Little doors are opening for the fairy business

Fairy trails and miniature houses have proved as popular with adults as with children, with big interest also from abroad, says Nuala Wolfe

Little doors are opening for the fairy business

IF you go down to the woods today you’re in for a big surprise — thanks to the fairies. Across Ireland and exempt from normal planning permission, the Little People are building houses in tree trunks at a rate not seen since the Celtic Tiger boom.

County Councils, tidy towns, schools, hotels and private individuals are employing ‘fairy architects’ to build miniature homes, and it all began in Cork, when fairy builder Peter, who chooses to remain anonymous ‘out of respect for the fairies’ privacy’ built exquisite little homes in Rineen Woods.

“One day I went for a walk with my dog, saw a hole in a tree and thought that needs a door, it was as simple as that. I built about five houses in all; kids leave little notes and coins for the fairies — it’s all very sweet,” he says.

Inspired by Peter, Cork woman Ginny Darrer of started a fairy trail in Derrynane House, the Kerry ancestral home of Daniel O’Connell, for her grandchildren who were holidaying in the area. Then friends wanted houses for gardens and nearby Parknasilla Resort offered to help out homeless fairies too. “I’ve always been good with my hands. I make the houses with my sister Margot and repair them. It’s brought a lot of tourism to the area,” Darrer says.

Traditionally South Kerry has been steeped in fairy lore; a picture in Derrynane House shows the infant O’Connell wearing a dress, as long ago people disguised boys as girls in case fairies stole their sons. Ita Corridan, head of the tearooms in Derrynane, says interest in fairies is as strong as ever. “Children leave coins at the fairy doors and money raised goes towards the Inshore Rescue. We also sell fairy maps and that too goes to local projects. Children and adults alike love the fairy trail and we have a comment book where people can leave a message for the fairies,” she says.

Carmel Flynn, Head of Sales and Marketing at, says foreign visitors in particular are enthralled with our fairies. “The fairy trail is a very Irish thing, it’s part of our folklore. Last year we put in a playground at Parknasilla but it’s the fairytrail that really seems to have caught children’s imagination, people say their children cannot wait to come back,” she explains.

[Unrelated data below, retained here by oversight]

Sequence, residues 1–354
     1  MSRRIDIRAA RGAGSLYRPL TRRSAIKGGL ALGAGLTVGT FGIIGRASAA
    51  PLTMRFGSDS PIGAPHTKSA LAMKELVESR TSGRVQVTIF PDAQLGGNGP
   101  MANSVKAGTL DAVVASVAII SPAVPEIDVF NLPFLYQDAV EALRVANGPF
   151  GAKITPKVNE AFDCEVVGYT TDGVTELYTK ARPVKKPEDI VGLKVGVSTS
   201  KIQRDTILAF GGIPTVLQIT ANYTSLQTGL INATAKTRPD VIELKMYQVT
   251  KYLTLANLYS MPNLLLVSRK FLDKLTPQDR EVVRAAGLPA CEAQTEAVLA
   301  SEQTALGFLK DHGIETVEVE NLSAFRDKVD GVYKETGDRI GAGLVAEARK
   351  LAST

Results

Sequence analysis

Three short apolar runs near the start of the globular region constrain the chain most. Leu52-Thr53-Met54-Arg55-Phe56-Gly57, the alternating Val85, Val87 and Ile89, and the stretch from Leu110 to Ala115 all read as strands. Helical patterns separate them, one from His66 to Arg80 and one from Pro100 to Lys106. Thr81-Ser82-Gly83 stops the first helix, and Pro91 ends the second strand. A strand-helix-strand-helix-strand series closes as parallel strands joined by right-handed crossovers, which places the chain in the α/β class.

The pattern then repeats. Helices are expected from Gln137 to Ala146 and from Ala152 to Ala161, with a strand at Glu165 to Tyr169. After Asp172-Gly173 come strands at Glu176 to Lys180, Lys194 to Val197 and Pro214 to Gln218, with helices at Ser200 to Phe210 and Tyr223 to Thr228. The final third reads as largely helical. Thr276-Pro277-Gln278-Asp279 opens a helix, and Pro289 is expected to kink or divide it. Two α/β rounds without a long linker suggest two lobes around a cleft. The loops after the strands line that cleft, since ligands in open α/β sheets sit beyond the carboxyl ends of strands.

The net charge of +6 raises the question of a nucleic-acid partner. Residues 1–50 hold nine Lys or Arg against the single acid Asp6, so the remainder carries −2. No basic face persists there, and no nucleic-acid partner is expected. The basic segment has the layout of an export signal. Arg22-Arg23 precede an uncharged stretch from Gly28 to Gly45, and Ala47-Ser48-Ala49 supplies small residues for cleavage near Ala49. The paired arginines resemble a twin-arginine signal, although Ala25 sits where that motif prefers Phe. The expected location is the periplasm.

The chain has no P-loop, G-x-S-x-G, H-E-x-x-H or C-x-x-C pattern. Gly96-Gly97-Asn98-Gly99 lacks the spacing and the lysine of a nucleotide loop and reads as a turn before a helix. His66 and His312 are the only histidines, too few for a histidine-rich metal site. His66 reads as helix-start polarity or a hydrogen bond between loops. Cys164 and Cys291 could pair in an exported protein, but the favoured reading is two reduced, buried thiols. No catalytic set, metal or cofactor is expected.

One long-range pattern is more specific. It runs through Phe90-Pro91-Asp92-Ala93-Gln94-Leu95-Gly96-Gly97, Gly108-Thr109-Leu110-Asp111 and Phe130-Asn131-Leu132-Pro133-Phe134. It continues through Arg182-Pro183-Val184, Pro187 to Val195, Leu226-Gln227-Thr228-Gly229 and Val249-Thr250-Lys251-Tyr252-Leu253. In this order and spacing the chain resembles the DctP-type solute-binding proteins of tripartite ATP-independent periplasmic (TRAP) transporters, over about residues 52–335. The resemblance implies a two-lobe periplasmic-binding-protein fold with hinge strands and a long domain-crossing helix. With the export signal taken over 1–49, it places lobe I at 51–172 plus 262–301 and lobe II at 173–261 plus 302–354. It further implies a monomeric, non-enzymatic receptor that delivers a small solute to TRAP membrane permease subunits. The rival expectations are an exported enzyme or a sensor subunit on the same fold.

Although it’s not up and running a year, Niamh Sherwin-Barry of The Irish Fairy Door Company says the building business is booming, domestically and internationally when it comes to fairies. “It’s been a crazy year, we’ve shipped fairy doors to over 70 different countries and we have a huge amount of interest in the US where there are 40 million Irish Americans.” Sherwin-Barry says herself and her three childhood friends who formed the company, knew children would love their, “painted, sanded and blinged fairy doors” but they never realised how much adults would be gripped by fairy fever. This year the IFDC opened two fairy trails in Corkagh and Tymon Parks, Dublin; they helped with a fairy trail in Athea, Limerick, which opened a few weeks ago, and are working on another two trails for Lough Rea, Galway and the North side of Dublin.

“We’ve done fairytrails for schools and for tidy towns and we always try and find out about the history of fairies in each locality to personalise the experience.

“In Corkage Park there are different fairies, each of whom have a special job. I especially love to see people go up to Willow, the Worry Fairy, you put out your hand and she takes your worries away. There’s also a wishing tree and a wishing tree chair where people can dream a little about what they’d like in life. “The Irish are storytellers and fairytales are in our bones — it’s part of who we are, it’s part of our imagination. When we were starting up we wondered if ‘Irish’ should be in our company name but the feedback we got internationally was absolutely yes, when people thought of fairies they always thought of Ireland.”

Fairy doors are only the start for this Dublin-based company — you can also buy miniature bicycles, benches and washing lines for those wanting to home their own fairies.

So, if you’re looking for Little People magic with your own little people, as well as going on the trails, you can go knocking on fairy doors Templemore Park, Tipperary and Wells House, Wexford.

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